Image by Dave-F

I think it is generally accepted that stress makes it more likely that we will get sick. Whether stress alone can cause us to get sick might be a bit more contentious. Nevertheless, it is generally accepted that stress can make it more likely we will get sick.

This raises the question of what causes stress.

It isn’t working hard. It can be a pleasure to work hard at what we love. We even challenge ourselves to do more at what we love. That is, we want to work even harder at what we love.

It isn’t the kind of work as such. Whatever I find stressful and unpleasant, there are people who love doing it.

One answer is that stress is an emergency reaction that keeps going into a normal situation. The emergency reaction is the fight/fright/flight reaction of tensed muscles and accelerated heart rate and breathing that prepares us for an emergency. Some people have this as their normal state – and it can be very hard on their bodies. Stress, seen in this way, is a lack of adjustment from one situation to another.

But what causes this mismatch? What is the reason for this reaction keeping going? There are at least three possibilities that I can think of.

  • Perhaps it is a habit. A child bought up in a continually stressful situation or an adult who has spent a long time in a war zone may well find the fight/fright/flight reaction has become a habit.
  • Perhaps it is a lack of perception. The person may not realise that some situations are less dangerous than others. They may not know how to tell whether someone or some situation is dangerous.
  • Perhaps it is a lack of options for responding. Someone relishes the charge of the fight/fright/flight state and doesn’t realise there is another way to respond.

To reduce the amount of stress in our lives may mean looking at one or all of these.

Here are some questions to help find ways to live with less stress in your life.

  1. What was my childhood home like? Always stressful? If not: what issues or behaviours created stress?
  2. Do you have a sense of danger? Even if it is registered in your gut rather than being rational do you have some danger signal you can recognise? Do you respond to this signal?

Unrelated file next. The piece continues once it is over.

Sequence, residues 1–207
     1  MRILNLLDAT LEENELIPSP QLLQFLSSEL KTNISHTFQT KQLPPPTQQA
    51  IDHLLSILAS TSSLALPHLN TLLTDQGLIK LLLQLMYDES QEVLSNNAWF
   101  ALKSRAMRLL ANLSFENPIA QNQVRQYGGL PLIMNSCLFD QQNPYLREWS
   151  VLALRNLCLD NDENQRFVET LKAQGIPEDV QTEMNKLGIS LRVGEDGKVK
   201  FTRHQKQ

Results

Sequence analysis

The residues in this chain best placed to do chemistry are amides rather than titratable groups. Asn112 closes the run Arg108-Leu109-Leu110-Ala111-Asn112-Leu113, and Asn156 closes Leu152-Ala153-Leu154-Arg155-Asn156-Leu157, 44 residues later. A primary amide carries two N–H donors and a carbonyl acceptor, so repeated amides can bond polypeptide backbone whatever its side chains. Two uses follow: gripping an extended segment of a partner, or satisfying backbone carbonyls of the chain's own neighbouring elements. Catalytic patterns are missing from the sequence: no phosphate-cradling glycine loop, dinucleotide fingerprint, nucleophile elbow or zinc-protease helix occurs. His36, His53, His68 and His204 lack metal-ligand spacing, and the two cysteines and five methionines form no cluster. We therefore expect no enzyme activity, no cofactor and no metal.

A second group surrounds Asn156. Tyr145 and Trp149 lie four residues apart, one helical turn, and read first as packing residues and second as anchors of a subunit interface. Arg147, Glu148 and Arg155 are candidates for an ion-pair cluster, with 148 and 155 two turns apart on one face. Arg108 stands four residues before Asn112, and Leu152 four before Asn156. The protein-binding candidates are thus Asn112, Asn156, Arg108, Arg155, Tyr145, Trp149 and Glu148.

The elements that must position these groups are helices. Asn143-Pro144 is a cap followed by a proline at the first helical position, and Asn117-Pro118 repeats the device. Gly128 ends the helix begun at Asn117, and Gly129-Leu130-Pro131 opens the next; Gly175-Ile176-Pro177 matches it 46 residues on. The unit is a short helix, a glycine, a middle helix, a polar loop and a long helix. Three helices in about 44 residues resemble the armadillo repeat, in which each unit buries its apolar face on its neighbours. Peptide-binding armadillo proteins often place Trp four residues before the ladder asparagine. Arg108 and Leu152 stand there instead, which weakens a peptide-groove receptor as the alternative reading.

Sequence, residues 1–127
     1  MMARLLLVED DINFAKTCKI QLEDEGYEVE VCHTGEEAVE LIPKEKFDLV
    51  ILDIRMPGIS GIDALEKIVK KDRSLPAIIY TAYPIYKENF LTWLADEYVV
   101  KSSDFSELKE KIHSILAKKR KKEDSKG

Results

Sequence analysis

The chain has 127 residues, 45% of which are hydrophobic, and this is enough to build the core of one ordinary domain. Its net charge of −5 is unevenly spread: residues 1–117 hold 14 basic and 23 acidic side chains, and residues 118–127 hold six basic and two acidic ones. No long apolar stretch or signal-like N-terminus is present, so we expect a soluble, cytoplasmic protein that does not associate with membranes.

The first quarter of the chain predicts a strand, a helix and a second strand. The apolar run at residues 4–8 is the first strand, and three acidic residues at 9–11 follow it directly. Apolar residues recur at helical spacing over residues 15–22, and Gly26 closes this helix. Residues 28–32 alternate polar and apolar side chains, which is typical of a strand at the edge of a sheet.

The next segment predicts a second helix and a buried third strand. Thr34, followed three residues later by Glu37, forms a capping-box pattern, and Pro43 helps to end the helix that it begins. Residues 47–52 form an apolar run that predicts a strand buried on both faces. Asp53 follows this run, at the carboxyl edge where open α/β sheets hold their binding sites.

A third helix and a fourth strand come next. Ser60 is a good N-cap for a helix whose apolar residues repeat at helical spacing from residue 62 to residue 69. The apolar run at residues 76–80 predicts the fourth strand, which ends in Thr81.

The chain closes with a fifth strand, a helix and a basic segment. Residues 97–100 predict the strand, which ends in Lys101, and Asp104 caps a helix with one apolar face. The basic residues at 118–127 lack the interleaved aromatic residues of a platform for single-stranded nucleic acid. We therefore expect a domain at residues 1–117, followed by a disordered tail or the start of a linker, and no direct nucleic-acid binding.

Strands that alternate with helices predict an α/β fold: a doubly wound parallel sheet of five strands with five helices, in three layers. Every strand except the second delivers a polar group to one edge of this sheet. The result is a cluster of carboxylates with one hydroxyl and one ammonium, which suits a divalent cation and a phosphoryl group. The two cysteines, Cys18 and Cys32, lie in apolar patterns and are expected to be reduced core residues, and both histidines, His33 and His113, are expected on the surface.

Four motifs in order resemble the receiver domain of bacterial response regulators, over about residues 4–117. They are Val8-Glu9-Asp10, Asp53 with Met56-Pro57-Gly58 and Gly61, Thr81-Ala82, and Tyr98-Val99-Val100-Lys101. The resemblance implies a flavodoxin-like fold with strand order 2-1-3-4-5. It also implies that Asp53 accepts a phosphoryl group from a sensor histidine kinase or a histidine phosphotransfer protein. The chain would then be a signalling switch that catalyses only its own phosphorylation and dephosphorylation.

3. How flexible am I? Do I have lots of ways of responding to a situation? or only a few? or only one? (The rarest for me is to be light-hearted. I tend to treat things as projects to be managed or as serious issues.)

I think all these can lead to useful changes in behaviour. And I think there may be another approach: focussing on doing what we love. I’ll write about this in my next post.

My thanks to all those who have commented on the text of my ebook-to-be. It is called “It’s Not About Success.” If you are new to my blog, welcome. I would be grateful if you would read it and comment on it too.   I plan to use it as a promotional free report for a course I plan to open for enrolments in the next month or two. It’s fairly long (17,000 words) so it may not be for one reading. You can go to it by clicking on this link or by clicking on the link in the left hand side bar under “Site Info”. I am very grateful for all those who have taken the time and effort to comment so far and welcome any and all comments. Many thanks.

2 Comments to “If stress causes dis-ease what causes stress?”

  1. Viv ;=) says:

    Just wondering…

    Does mental stress and body stress go together?

  2. Evan says:

    Hi Viv,

    For me we are one reality with mental and physical aspects. So the stress always has mental and physical aspects – though one may be more important than the other at a particular time or in relation to a particular issues.

    Thanks for your question. Trust this makes sense. If not ask again and I’ll see if I can answer it better.

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